18 December 2002
Supreme Court


Case number: C.A. No.-008681-008681 / 2002
Diary number: 10996 / 2002



CASE NO.: Appeal (civil)  8681 of 2002



DATE OF JUDGMENT: 18/12/2002



2002 Supp(5) SCR 530

The Judgment of the Court was delivered by R.C. LAHOTI, J. Leave granted.

The State of Uttar Pradesh took a policy decision as evidenced by G.O. dated 25.5.1995 for remission of the lease of the river bed Yamuna where sand and moram along with bajri bolder, reta or anyone of them is found in mixed condition. The policy decision contemplates such areas as are completely new and have been searched by the applicant himself being leased out on ’first come first serve’ basis. As provided by the G.O. based on the opinion of Directorate of Geology and Mining, the term of such lease shall normally be between three to five years.

The appellant applied for one such sand mining lease in accordance with the policy decision contained in the G.O. The Collector, Gautam Budh Nagar granted the said lease to the appellant. The lease was executed for a period of one year w.e.f. 3rd June, 1998. Before the expiry of the term of the lease, the appellant sought for a renewal for another period of two years. The Collector granted such extension vide order dated 20.12.2000; the principal consideration for granting such renewal being that the lease, as originally executed, should have been for a minimum period of three years which having not been done and erroneously the lease having been executed for a period of one year the appellant was entitled to such extension for two years.

It appears that around the time when the appellant was allowed the extension of two years, the Government had taken a decision to hold an auction of the sand mining lease. The respondent No.3, a competitor aspirant of the appellant preferred a revision before the State Government against the order of the Collector dated 20.122000. The revision was filed after expiry of one year and four months from the date of the order of extension. The State Government condoned the delay in filing the revision on the ground that the revision was filed within the period of limitation calculated from the date of the knowledge of the respondent No.3. The issue as to locus standi was also decided in favour of respondent No.3. The State Government, vide its order dated 22.4.2002, set aside the order of the Collector influenced mainly by the consideration that the State Government having decided to hold an auction of the mining rights, the State Government was likely to gain higher revenue and therefore it was in public interest to transfer mining rights by holding an auction.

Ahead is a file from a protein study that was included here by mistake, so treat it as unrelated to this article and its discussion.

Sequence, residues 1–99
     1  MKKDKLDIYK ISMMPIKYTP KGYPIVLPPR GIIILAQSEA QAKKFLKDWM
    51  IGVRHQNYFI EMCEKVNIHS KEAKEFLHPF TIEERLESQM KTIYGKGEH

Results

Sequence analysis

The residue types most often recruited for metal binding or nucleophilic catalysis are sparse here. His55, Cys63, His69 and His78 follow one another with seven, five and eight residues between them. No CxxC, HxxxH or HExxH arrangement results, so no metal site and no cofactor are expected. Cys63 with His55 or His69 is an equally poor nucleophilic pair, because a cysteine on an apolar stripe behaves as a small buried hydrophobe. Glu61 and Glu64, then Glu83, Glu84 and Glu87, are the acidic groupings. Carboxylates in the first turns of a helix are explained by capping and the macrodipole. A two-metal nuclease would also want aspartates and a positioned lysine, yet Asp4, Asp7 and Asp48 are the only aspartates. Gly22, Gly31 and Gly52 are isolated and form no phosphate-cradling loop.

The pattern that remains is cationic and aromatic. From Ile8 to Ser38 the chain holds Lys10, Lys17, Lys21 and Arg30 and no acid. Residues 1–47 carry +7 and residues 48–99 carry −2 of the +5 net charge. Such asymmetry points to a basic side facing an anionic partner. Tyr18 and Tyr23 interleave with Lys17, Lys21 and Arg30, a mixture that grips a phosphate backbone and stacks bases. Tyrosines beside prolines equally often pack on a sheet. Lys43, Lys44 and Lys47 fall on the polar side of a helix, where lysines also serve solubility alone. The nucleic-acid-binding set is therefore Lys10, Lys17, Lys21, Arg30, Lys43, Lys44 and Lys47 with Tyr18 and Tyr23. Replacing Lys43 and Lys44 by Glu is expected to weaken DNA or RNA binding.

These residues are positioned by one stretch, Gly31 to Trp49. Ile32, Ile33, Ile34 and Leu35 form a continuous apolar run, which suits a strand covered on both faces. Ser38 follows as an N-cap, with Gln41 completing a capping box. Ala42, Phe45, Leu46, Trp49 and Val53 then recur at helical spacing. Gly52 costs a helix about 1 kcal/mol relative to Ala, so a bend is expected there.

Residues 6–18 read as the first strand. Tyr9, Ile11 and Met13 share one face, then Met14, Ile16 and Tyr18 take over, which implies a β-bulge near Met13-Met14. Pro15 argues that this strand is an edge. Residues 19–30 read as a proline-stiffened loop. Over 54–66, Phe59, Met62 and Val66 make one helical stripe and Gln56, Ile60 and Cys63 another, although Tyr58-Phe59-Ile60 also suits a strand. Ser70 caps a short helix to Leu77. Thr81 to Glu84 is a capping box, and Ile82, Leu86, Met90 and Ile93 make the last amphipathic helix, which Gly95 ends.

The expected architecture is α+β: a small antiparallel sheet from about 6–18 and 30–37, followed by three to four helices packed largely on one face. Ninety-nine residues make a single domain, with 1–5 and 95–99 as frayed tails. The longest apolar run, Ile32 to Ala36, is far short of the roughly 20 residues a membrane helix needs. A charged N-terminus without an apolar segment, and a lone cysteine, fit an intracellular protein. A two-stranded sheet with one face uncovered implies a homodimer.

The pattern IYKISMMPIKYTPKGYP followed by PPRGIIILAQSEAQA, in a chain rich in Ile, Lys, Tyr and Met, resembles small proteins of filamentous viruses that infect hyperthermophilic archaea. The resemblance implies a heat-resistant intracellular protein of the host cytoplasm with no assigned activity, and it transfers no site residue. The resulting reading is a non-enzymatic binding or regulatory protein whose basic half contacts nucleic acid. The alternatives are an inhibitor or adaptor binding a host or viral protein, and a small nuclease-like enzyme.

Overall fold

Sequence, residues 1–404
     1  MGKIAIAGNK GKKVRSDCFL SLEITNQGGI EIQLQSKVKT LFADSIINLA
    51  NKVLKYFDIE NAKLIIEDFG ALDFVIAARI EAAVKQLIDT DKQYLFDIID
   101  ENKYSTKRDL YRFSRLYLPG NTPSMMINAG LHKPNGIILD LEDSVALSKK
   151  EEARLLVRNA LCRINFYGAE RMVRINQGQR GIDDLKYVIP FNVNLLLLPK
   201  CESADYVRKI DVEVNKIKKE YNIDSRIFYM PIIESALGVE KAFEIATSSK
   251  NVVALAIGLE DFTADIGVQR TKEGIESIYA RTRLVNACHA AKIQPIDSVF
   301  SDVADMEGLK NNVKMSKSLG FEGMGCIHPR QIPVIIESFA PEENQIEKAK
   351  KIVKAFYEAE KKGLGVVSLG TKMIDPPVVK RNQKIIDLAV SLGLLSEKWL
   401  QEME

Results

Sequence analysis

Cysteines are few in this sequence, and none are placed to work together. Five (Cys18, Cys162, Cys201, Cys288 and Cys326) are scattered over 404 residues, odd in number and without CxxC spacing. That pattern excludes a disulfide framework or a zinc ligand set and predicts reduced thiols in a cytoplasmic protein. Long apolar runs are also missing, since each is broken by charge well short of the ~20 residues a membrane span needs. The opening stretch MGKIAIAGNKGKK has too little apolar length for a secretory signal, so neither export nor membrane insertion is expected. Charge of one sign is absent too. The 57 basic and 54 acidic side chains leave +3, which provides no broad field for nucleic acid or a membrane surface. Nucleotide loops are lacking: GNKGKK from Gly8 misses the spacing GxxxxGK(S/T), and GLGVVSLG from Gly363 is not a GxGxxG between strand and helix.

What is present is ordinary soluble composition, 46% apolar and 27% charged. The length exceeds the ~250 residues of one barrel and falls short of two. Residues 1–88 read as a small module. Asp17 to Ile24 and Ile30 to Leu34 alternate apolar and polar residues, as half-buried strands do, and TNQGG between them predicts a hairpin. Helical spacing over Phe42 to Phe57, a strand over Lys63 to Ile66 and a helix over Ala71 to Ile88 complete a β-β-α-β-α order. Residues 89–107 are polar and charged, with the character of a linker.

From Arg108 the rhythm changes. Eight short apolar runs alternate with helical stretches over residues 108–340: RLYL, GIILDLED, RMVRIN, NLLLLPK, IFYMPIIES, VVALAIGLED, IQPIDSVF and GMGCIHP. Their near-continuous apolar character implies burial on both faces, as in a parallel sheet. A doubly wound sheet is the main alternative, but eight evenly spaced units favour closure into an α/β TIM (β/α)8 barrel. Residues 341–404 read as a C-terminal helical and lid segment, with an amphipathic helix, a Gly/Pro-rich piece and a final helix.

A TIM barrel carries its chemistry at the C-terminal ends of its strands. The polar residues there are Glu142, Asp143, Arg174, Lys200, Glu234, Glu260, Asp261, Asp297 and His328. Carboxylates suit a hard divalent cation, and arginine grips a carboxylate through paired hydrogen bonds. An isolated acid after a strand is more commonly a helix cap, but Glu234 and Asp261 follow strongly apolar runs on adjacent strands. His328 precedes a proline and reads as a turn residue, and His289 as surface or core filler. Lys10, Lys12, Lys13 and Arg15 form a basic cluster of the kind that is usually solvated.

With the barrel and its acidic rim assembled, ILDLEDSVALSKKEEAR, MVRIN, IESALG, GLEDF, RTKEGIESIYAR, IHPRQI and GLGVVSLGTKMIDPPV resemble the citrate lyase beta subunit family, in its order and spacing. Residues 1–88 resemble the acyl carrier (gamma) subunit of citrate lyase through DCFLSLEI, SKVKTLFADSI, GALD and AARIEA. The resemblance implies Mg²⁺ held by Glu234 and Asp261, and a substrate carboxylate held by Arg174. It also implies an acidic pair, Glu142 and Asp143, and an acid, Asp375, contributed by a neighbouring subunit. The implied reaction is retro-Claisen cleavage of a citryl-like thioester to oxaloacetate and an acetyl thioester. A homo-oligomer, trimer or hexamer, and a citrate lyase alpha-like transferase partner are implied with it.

The appellant preferred a writ petition in the High Court feeling aggrieved by the order of the State Government. Vide order dated 13.5.2002, the High Court has dismissed the writ petition. A perusal of the impugned order shows that in the opinion of the High Court the order of the Collector granting two years extension of mining rights to the appellant was justified and the State Government was not justified in interfering and setting aside the order of the Collector. The High Court agreed that the



initial lease should have been for a period of three years in which case there would have been no occasion for litigation. However still, the High Court denied the relief to the appellant on the ground that auction would sub-serve public interest by fetching higher royalty to the State Government and further because the period of three years calculated from the date of the original grant had in any case come to an end and therefore no relief could be allowed to the appellant. The appellant has filed this appeal by special leave.